Blood and Bone is intelligent in its treatment of historical and real world issues. I was struck in particular by the "rational" Thaumatergs' desire to colonize and "civilize" the savage jungle in order to put it to "productive" use. Partly, this can be read as man's struggle for ascendancy over the natural world. But in his execution, Esslemont may also be hinting, in a nuanced way, at the ideological underpinnings of colonialism and imperialism: that the colonizer actually believes in his power and progressive mission to uplift the colonized. Equally powerful was Esslemont's foray into the ethics and cruelty of pure, unadulterated rationalism and empiricism (when taken to extremes).  

But in all honesty, Blood and Bone is at times confusing. Esslemont weaves a few too many character threads into the overall tapestry, and does not have sufficient time to develop many of them fully. Further, he has a maddening tendency to play coy with his readers. He poses many more questions than  he answers, and many times leaves readers in the dark about what actually happened. In fact, I felt much more in the dark after reading Blood and Bone than I did after reading any of Steven Erikson's books (outside of, perhaps, Gardens of the Moon, the most uninspired book of Erikson's series). Because of this, the Osserc and Celeste story lines in particular disappoint, and leave the reader wondering why they were included and whether they contributed to the volume in any noticeable way.

Further, Esslemont's attempts at humor often fall flat. Esslemont simply lacks Erikson's flair for comic relief. The relationship between Golan and Chief Scribe Thorn (and Murk and Sour) did in fact make me smile at times, but Esslemont just cannot pull off the sarcastic, sharp-witted hilarity that Erikson keeps in his arsenal. Expect no Tehol Beddict and Bugg, nor an Iskaral Pust on his cantankerous mule. The humor in Blood and Bone just feels too forced. 

This does not take away from Blood and Bone's achievements. Blood and Bone does not disappoint; it is a great addition to the Malazan world. Esslemont weaves a detailed and complex tapestry, one that fans will have a fun time unraveling. He creates a lush background and overall world that perhaps surpasses that of any other book in the Malazan world (at least the ones that I have read). He fleshes out the broader timeline and the story of the Crippled God. And, lest I forget to mention, the book is a real page-turner.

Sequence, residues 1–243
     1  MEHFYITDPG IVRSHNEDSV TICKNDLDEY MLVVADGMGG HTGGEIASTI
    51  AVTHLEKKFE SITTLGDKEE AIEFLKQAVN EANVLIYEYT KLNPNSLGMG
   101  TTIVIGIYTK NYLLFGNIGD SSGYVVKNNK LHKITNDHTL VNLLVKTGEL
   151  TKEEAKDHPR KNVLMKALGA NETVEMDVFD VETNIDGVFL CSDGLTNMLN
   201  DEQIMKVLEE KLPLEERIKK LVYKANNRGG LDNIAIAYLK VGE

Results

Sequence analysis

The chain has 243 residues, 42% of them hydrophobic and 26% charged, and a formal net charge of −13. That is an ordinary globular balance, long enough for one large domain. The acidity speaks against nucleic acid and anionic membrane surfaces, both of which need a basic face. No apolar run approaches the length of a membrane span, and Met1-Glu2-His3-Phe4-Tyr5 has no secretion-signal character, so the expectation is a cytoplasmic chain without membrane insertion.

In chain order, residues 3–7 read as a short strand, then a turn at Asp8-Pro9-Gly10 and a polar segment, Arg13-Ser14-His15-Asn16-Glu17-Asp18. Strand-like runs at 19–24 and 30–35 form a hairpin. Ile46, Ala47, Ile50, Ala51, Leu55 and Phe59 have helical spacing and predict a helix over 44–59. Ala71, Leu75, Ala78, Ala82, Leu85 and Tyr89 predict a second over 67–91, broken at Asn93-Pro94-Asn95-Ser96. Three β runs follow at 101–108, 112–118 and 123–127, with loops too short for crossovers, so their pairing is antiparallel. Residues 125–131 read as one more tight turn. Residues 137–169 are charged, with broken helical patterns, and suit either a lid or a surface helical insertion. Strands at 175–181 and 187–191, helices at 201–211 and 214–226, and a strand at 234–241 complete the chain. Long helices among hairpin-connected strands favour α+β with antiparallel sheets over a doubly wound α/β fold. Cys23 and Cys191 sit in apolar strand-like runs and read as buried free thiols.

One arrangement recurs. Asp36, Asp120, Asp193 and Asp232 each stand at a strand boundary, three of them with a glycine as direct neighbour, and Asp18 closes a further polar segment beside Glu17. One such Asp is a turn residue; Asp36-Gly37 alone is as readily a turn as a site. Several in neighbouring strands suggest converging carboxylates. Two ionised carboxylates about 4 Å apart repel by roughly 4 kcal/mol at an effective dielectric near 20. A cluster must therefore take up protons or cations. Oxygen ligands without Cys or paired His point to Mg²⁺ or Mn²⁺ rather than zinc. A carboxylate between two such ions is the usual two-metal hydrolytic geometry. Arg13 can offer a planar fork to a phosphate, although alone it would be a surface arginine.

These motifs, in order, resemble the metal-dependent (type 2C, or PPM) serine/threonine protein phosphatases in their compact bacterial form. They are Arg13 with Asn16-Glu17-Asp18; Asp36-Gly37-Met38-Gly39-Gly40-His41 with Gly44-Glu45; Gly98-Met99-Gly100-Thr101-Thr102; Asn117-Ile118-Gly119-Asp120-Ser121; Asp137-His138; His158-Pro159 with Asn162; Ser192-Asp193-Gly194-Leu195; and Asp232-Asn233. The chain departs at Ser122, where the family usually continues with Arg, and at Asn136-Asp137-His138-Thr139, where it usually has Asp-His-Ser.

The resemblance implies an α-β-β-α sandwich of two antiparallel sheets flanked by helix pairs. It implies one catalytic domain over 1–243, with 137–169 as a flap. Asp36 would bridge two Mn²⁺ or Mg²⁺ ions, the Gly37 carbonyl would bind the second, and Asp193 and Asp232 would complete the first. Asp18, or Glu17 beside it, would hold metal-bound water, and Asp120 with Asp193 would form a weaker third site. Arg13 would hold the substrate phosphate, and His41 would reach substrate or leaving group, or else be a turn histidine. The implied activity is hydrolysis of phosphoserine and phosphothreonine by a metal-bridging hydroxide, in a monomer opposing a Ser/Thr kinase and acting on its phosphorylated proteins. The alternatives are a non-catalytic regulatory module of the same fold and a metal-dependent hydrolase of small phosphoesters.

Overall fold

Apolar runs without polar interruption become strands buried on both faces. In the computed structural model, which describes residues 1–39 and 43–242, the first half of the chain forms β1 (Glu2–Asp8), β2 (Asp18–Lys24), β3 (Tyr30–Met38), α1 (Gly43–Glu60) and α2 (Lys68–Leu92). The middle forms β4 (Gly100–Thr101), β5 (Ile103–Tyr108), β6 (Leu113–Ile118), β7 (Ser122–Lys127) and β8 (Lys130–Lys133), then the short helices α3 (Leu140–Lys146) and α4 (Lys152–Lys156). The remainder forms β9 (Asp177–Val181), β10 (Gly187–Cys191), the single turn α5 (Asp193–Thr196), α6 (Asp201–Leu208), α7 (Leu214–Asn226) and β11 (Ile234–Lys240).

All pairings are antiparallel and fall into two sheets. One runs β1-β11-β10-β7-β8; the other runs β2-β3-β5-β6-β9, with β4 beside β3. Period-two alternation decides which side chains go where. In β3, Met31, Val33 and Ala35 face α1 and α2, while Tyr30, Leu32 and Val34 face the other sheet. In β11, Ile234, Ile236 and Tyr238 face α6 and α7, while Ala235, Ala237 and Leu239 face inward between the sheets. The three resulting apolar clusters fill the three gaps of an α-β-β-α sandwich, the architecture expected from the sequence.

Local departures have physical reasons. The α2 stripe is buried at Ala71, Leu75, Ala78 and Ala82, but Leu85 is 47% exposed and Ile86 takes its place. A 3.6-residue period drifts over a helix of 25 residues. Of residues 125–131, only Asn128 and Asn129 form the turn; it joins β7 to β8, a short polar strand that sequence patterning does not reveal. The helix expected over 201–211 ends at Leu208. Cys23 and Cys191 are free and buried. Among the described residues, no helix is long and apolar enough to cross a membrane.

But at the same time, this book strikes me as a cautionary tale on collaboration among authors. Esslemont's series would have been much more effective had its releases been timed alongside Erikson's (the ones that take place roughly at the same time). No doubt, that was the original intention. But the fact that readers have to wait years to catch up in a story that is already complete diminishes the impact of Esslemont's (albeit very good) contributions (granted, it does give him an immediate and powerful market...). In the end, Blood and Bone is an enjoyable read, great for committed fans of Malazan Book of the Fallen. But owing to this issue of timing, in particular, I wonder whether it has the power to attract a broader readership outside the most committed of Erikson's fans.  

I look forward to Esslemont taking his considerable talents and embarking on a completely new story. But I guess I will have to wait until after he finishes Assail...

The Math

Baseline Assessment: 7/10

Bonuses: +1 for Himatan; +1 for more of Gothos's awesomeness.

Penalties: -1 for leaving the reader with many more questions than answers; -1 for too many story lines and a convoluted plot.

Nerd Coefficient: 7/10 "an enjoyable experience, but not without its flaws"

Read about our scoring system here. And remember, we categorically reject grade inflation!